Tuesday 5 August 2008

Climate Camp at Kingsnorth

Well, Glastonbury was amazing - having so little rain meant being able to sit on the grass, walk around a lot more easily and generally relax more effectively, without having to wrestle with waterproof trousers and stinking wet socks every few hours.

I came home to find the allotment knee-deep in weeds, and I've spent several weeks frantically picking all my fruit before shoving all my kit back in the rucksack to go to Climate Camp.

The camp this year is at Kingsnorth in Kent, where E.ON and the government apparently think it would be a good idea to build a new coal-fired power station on the site of an old one.

It would not.

As the camp paper puts it, "Building a coal-fired power station in the middle of a climate crisis ... makes about as much sense as a petrol-filled fire extinguisher" The existing power station is reaching the end of its 30 year lifespan, and building a new one would be a commitment to burning coal there for another 30 years. Coal is the most polluting form of fossil fuel (despite the impression that E.ON's greenwash tries to create), and six more coal-fired power stations are planned across the country if Kingsnorth goes ahead.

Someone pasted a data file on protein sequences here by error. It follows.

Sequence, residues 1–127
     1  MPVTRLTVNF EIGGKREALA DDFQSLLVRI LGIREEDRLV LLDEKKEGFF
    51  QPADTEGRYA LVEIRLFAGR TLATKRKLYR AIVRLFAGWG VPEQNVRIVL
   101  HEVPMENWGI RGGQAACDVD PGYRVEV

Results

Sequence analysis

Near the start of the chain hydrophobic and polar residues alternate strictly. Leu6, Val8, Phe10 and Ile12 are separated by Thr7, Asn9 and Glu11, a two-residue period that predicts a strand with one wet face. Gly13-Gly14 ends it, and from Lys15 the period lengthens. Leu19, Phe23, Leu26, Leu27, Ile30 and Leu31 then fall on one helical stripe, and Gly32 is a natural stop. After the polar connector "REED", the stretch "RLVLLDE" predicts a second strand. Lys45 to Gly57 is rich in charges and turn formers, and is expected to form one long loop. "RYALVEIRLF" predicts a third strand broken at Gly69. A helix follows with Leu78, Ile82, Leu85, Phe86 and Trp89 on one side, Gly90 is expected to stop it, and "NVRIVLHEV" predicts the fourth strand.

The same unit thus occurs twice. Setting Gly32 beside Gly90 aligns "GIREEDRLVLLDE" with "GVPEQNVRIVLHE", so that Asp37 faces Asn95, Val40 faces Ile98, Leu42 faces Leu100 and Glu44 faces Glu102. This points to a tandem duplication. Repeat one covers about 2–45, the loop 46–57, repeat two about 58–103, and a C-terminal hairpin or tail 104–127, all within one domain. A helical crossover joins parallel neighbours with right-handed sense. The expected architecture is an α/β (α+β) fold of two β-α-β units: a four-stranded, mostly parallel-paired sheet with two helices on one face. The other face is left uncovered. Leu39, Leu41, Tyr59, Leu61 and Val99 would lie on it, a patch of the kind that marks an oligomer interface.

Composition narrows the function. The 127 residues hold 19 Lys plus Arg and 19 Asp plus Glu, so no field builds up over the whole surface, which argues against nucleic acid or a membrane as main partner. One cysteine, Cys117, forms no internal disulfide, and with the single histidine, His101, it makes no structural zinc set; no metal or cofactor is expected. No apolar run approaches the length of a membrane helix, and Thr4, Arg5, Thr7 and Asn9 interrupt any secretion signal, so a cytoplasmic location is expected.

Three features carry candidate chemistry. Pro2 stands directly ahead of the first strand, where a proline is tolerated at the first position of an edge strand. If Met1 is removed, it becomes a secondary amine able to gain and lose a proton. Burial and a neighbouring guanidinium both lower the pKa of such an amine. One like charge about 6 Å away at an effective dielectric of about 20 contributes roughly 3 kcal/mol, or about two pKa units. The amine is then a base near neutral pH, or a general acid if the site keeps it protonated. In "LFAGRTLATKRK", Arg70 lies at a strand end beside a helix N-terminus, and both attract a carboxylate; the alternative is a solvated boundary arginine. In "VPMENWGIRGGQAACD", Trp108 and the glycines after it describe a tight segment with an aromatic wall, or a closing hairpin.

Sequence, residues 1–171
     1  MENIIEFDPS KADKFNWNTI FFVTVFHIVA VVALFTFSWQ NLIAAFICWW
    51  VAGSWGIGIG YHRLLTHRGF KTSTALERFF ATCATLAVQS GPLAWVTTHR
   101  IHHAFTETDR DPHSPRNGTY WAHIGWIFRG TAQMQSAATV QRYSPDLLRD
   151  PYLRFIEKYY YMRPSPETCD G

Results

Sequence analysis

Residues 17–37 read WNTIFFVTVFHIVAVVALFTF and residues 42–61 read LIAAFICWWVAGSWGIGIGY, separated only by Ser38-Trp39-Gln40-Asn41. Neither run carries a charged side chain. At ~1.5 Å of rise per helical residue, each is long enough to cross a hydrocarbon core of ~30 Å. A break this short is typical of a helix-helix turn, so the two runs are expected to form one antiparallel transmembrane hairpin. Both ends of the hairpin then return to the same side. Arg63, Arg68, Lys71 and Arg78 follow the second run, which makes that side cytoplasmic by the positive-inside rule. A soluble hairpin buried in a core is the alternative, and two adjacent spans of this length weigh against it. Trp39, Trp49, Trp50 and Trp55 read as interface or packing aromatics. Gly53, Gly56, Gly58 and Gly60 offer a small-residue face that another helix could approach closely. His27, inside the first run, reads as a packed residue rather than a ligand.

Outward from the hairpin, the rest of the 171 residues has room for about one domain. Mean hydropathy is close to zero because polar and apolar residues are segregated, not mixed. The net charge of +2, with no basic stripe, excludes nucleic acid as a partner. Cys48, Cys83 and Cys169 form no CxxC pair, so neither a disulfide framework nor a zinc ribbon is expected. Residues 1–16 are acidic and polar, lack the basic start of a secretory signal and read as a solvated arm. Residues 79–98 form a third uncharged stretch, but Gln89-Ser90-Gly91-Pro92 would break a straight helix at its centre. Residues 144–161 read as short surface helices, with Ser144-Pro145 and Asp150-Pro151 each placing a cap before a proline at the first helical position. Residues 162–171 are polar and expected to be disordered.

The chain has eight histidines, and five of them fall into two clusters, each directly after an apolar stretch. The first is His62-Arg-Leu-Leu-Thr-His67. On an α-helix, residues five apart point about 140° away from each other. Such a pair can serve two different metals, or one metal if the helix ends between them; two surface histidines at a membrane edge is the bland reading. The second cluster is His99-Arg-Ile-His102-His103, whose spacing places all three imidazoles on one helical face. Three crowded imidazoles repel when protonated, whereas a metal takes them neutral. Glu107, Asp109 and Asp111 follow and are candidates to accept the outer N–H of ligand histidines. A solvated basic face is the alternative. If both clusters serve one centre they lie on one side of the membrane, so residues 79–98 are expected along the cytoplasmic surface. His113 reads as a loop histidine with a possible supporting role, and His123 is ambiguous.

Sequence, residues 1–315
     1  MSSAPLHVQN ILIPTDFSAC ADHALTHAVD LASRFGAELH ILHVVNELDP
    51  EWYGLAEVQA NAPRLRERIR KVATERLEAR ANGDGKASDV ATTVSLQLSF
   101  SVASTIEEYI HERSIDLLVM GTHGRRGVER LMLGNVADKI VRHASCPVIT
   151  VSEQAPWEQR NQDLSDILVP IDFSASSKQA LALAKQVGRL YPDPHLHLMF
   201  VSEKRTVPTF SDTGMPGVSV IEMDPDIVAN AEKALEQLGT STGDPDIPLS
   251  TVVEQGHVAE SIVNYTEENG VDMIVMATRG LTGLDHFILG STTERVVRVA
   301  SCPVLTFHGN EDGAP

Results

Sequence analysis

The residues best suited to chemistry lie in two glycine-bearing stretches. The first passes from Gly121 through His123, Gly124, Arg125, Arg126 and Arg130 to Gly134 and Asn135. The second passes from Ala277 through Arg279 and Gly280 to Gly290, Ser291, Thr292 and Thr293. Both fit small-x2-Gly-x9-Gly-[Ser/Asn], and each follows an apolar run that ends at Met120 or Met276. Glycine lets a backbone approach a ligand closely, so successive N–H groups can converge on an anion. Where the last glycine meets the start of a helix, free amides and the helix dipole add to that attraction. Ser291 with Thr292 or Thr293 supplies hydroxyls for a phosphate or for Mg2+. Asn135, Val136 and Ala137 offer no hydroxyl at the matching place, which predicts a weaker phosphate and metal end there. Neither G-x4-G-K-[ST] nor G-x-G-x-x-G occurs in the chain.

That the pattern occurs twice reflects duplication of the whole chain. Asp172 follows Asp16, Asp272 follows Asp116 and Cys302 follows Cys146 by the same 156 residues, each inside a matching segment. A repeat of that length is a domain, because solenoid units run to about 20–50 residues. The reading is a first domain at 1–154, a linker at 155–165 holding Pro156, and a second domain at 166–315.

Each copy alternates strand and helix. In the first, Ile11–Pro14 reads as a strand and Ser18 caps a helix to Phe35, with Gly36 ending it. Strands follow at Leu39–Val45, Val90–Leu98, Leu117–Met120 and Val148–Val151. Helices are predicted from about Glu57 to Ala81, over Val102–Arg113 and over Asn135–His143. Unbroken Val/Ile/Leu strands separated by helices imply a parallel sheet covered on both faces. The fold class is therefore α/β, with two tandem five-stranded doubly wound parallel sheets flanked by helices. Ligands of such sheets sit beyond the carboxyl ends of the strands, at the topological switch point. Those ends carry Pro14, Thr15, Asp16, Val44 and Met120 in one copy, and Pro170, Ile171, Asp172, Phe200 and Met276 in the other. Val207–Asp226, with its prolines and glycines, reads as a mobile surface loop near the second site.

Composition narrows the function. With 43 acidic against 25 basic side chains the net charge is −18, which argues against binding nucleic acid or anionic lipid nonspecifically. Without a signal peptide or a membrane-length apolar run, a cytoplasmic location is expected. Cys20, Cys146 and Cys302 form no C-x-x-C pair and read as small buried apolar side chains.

It's big and it's urgent, and it's now half a mile away from me as I sit in my tent flicking spiders out and eating carrots. I somehow managed to lose both my waterproof coat and my wellies at Glastonbury, but I'm surviving intermittent rain so far with boots and a drab stinky coat that I found in a bin recently.

Yesterday was mostly taken up with resisting some nasty police behaviour, but today I've been going to talks and workshops and generally getting on with what I came here for. The day of mass action is on Saturday, the police haven't beaten anyone for a good few hours now, and I'm trying to figure out the logistics of having a wash with a cup and a bucket inside my tent.

I'll keep you posted.

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